And So, It Begins.

We are so excited to bring her back to life!
Ever since John and I met, we've been talking about how we'd love to renovate and restore an old house -- both of us grew up in old houses.

My childhood home is in North Mississippi. It is a 1917 white clapboard farmhouse, with an L-shaped front porch, a couple of lovely gables, and a 200-year-old pecan tree out back. (There was an ash tree in the front yard that was just as old as the pecan; but, a tornado came through in the 80s and it fell on the house while we were at the church bazaar.)

We were no strangers to squirrels in the attic. Their bumping and scratching beneath and beyond the wooden clapboard walls was a constant source of annoyance. Daddy waged a holy world war against them for years and finally gave up. You could hit the wall with your fist and maybe they'd stop making noise for a few minutes. If you were lucky, you fell asleep before they started back again.

Rodents had their ways of getting inside and next thing you know, there's a resident rat in the old pump organ.

Floors weren't level and creaked constantly, so there was no way of being quiet, ever.

The home was modestly built, though it had a few great features still intact: an original mantle with mirror, huge old windows with original glass, most of the doors and hardware, beautiful front porch columns and railing, and a pretty built-in china cabinet in the dining room.

My childhood home. (pardon the finger)

It was once used as a duplex, so like every other old house in the history of ever, it has its mysteries and the 'who in the hell thought this was a good idea' kind of design quirks.

John participated in some of the renovation on 2 of their old houses, and his parents did a lot of the actual work themselves. Though they did hire folks out for the hard jobs. My parents hired a contractor and we had guys working on our house for a couple of months.

As for us, we are going to try to do as much as we can ourselves -- with the help of John's parents and family. Thankfully, they have been in the construction business a long time and know the ropes (BONUS...because I have no idea what I'm doing).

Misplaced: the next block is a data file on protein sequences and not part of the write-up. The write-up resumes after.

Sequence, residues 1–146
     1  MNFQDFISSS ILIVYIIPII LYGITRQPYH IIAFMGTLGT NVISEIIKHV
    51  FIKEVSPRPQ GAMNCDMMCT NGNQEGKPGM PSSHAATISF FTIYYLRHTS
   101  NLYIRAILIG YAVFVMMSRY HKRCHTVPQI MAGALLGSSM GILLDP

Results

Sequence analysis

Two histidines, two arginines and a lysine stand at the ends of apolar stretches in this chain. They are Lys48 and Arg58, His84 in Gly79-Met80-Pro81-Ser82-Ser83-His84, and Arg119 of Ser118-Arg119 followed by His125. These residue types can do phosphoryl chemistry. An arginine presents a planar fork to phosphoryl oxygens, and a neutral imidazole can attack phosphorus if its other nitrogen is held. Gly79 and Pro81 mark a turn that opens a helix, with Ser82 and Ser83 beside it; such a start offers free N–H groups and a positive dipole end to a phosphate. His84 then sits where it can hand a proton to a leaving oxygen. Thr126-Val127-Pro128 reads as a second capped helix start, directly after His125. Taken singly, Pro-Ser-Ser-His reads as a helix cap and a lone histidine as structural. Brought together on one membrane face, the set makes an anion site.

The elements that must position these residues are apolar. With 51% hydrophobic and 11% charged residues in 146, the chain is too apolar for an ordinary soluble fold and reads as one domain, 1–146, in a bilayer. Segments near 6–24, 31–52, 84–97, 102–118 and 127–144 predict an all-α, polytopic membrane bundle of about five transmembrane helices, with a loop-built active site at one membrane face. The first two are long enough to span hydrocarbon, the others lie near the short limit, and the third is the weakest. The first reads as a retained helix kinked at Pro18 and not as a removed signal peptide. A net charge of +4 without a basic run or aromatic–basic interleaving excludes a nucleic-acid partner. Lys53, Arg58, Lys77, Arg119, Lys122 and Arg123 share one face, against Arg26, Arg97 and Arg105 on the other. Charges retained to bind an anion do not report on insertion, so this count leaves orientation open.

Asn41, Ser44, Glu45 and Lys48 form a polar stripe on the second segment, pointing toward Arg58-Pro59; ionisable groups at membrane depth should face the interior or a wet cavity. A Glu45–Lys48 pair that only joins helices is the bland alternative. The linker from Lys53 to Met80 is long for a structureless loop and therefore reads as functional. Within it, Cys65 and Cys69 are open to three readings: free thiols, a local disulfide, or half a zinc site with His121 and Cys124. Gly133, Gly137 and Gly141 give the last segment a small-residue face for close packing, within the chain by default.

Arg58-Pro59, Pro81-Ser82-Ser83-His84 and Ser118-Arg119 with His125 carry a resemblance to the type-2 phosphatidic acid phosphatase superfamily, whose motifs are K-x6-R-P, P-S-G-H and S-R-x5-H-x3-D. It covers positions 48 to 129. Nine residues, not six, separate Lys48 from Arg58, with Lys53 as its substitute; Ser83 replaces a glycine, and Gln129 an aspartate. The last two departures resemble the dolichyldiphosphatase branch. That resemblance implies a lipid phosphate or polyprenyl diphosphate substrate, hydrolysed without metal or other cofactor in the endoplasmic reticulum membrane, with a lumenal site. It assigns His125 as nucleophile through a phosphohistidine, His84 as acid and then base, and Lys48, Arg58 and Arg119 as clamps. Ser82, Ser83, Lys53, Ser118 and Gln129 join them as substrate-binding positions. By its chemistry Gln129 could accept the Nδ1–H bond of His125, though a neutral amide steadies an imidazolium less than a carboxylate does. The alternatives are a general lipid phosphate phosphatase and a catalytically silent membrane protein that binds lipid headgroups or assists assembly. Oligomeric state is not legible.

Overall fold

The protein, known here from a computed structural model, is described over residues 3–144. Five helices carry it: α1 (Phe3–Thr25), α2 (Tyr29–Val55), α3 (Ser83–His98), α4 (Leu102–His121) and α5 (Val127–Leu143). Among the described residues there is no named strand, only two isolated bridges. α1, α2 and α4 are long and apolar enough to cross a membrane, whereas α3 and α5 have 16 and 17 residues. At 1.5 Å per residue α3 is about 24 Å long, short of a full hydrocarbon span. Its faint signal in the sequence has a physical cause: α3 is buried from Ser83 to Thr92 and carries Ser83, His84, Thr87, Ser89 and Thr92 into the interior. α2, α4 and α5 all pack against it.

I am both excited and dread it. You know what I mean. Ignorance is I'm excited to do the dirty stuff right now because my mind is in a state of old house euphoria. I can admit that.

So, without further ado, this is our Grand Old Lady:
She looks small, but wait until you get inside. The house is over 2200 square feet in all.

Last week, after two days and what amounted to about 5 hours worth of research at the Montgomery County Courthouse (with the help of very kind clerks!), the trail of old deeds led us to an approximate time period. 

The first mention of the house was in 1872 when Matthew M. Clay sold both it and lot to a Mr. Thomas Moore. Clay initially bought the land in 1870 from H.C. Howard. So, until I go dig in the city files, we know it was built sometime between 1870-1872. For now, an approximate is ok with me but I am curious to see if there is any other information on record.

The interior of the house is a mishmash of a few different eras. The front part still has the beautiful tall ceilings and old wallpaper, the hardwood floors are covered with lime green carpet, a few ceilings have been dropped -- twice -- and there is quite a bit of paneling on the walls, too. The back part of the house was an addition at some point in her life. Good stuff is there regardless, and we'll be peeling layers away as we go along.

3 bedrooms, a living room, 2 big walk-in closets (!!), small office room, 1 weird transition room (hall, maybe?), kitchen and laundry room.

Everyone has been asking if we can go ahead and move in. Not quite yet! Oh, we could, but neither bathroom is ready for live-in use, though the kitchen would be workable. And, well, bathrooms are important...

We'd rather stay where we are, just commute the 2 minutes it takes to walk up the street, and work on it until she's ready for full-time company. 

Hang around and I'll take you on a room by room tour.


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